Davies, Adam 1972(?)-

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Davies, Adam 1972(?)-

PERSONAL: Born c. 1972. Education: Attended Kenyon College; Syracuse University, M.F.A.

ADDRESSES: Home— New York, NY.

CAREER: Writer and educator. Previously worked as an editorial assistant at Random House, New York, NY, and as an instructor of English literature and creative writing at the University of Georgia, Athens.


The Frog King: A Love Story (novel), Riverhead Books (New York, NY), 2002.

Goodbye Lemon (novel), Riverhead Books (New York, NY), 2006.

SIDELIGHTS: In his first novel, The Frog King: A Love Story, Adam Davies features Harry Driscoll, an editor at a publishing firm in New York City (a job that Davies once held himself). Stuck at the lower end of the company ladder and emotionally stunted, Harry not only cannot tell his coworker and girlfriend Evie that he loves her, but he is also unfaithful, pursuing an affair with a powerful editor at another publishing house. Evie tries to make the relationship work even though she is well aware of Harry’s failings. Harry dreams of becoming a famous writer one day, and eventually forms an attachment to a young homeless girl, Birdie, whom he saved from a life on the streets. After Evie has had enough and leaves Harry, he comes to realize that she is really the most important thing in his life.

In a review of The Frog King on the Bookreporter.com Web site, Sarah Rachel Egelman wrote: “Davies’s prose is fast paced and clever, and his dialogue is inventive.” Egelman also called the novel “an original and promising debut.” Gavin Quinn, writing in Booklist, commented that the author’s “subtle observations about life. . . make for an impressive and thought-provoking work.” A Publishers Weekly contributor referred to The Frog King as “intelligent and amusing.”

The author’s second novel, Goodbye Lemon, focuses on a disaffected English professor named Jack Tennant, who once dreamed of becoming a classical pianist but who, because of a family tragedy, can only review classical concerts for a paper in Atlanta. When his father suffers a stroke, Jack is convinced by his girlfriend, Hahva, to go visit his father up north and try to mend their broken relationship. Once there, Hahva finds out the depth of the family breach, which stems from the death of Jack’s brother, Dex, at the age of six, and Jack’s father breaking Jack’s finger, thus ending his dream of attending the prestigious Juilliard School.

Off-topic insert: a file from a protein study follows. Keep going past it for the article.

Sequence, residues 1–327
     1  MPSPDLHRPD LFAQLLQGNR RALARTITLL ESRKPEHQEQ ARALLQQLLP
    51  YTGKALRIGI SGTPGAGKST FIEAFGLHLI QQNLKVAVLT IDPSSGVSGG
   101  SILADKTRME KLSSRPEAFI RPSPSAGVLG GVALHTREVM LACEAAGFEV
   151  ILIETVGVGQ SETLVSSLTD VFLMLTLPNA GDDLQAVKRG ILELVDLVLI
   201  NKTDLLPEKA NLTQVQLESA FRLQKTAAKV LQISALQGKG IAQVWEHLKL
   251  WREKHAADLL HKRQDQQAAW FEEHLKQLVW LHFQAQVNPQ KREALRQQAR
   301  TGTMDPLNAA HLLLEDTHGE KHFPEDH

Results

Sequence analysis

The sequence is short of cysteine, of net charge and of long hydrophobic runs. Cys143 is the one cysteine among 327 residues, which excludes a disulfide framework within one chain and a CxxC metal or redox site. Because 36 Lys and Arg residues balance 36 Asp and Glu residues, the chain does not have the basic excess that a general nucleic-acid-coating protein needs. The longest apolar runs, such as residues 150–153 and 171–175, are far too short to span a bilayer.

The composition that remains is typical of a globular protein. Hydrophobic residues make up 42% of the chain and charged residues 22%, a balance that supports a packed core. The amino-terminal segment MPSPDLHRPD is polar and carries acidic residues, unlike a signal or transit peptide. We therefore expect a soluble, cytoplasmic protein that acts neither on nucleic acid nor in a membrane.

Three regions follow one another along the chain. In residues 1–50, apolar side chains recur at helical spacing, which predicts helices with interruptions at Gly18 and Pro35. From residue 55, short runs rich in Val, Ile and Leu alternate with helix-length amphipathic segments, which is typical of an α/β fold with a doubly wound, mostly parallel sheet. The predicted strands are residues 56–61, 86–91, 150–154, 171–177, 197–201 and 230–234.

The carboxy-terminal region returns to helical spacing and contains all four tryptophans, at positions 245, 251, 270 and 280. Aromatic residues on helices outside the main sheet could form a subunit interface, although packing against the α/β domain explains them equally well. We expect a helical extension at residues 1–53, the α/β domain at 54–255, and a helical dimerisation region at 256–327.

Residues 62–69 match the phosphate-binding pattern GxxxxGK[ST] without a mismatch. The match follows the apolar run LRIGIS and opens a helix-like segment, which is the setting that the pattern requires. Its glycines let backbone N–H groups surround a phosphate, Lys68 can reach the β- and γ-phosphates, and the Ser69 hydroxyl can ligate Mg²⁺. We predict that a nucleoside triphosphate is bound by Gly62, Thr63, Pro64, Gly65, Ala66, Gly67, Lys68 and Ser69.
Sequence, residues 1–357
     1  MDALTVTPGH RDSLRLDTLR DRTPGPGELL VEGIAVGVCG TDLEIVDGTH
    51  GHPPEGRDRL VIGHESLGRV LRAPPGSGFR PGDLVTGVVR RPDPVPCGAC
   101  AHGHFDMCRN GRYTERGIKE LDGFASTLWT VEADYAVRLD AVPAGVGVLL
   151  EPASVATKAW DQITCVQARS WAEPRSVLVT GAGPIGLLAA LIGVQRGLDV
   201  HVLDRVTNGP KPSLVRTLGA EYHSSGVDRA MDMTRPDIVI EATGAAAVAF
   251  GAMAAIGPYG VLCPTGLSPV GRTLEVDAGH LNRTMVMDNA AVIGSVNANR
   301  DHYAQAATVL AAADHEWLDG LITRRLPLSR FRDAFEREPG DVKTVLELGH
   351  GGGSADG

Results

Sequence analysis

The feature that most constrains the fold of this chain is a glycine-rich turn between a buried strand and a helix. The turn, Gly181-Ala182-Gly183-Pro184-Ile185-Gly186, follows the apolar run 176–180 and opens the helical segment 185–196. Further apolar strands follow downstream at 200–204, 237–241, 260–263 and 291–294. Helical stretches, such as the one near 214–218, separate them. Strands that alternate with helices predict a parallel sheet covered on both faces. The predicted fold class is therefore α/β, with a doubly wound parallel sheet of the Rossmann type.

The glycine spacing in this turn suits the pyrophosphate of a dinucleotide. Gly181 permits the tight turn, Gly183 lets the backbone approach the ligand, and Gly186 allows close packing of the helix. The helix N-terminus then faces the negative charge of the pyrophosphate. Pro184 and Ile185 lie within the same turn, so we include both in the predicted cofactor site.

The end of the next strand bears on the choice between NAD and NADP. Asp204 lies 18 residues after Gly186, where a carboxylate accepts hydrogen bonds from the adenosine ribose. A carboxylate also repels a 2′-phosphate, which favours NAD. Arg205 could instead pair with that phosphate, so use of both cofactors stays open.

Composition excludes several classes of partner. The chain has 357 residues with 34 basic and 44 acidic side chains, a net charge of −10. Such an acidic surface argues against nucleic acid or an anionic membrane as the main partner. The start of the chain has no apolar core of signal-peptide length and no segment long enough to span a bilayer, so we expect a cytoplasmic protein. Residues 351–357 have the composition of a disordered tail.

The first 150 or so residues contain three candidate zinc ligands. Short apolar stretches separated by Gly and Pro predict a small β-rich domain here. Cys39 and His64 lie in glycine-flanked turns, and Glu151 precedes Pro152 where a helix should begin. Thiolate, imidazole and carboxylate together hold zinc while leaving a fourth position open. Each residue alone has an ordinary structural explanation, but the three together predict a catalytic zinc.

“Davies deftly handles a large cast of characters, but his real accomplishment is retaining our sympathy for Jack as he self-destructs,” wrote David Daley of Goodbye Lemon on the USA Today Web site. Daley added that the novel “is mostly funny, evocative and emotionally true.” Although a Publishers Weekly contributor noted that familiar scenario and plot devices of the novel, the reviewer added that the author “makes it all happen in such a fresh, smart way the conventions of this conceit are almost forgotten.” The reviewer also wrote that the novel is “bitter, smart and soaked in dark humor.” Jan Blodgett, writing in the Library Journal, commented that Goodbye Lemon“tenderly captures Jack’s reshaping of his legacy and relationships,” adding that it “is filled with compassion and humor.”



Booklist, August, 2002, Gavin Quinn, review of The Frog King: A Love Story, p. 1917.

Entertainment Weekly, August 23, 2002, Troy Patterson, “Croak Monsieur: Adam Davies’ Debut Novel, The Frog King, Offers a Precocious Peek at the Book World,” p. 138.

Kirkus Reviews, June 15, 2002, review of The Frog King, p. 823; June 1, 2006, review of Goodbye Lemon, p. 534.

Library Journal, August 1, 2006, Jan Blodgett, review of Goodbye Lemon, p. 67.

Publishers Weekly, June 17, 2002, review of The Frog King, p. 39; May 8, 2006, review of Goodbye Lemon, p. 45; May 29, 2006, Marc Schultz, “Looking and Spilling: PW Talks with Adam Davies,” p. 34.


Bookreporter.com, http://www.bookreporter.com/ (January 18, 2007), Sarah Rachel Egelman, review of The Frog King.

USA Today, http://www.usatoday.com/ (August 7, 2006), David Daley, review of Goodbye Lemon.*

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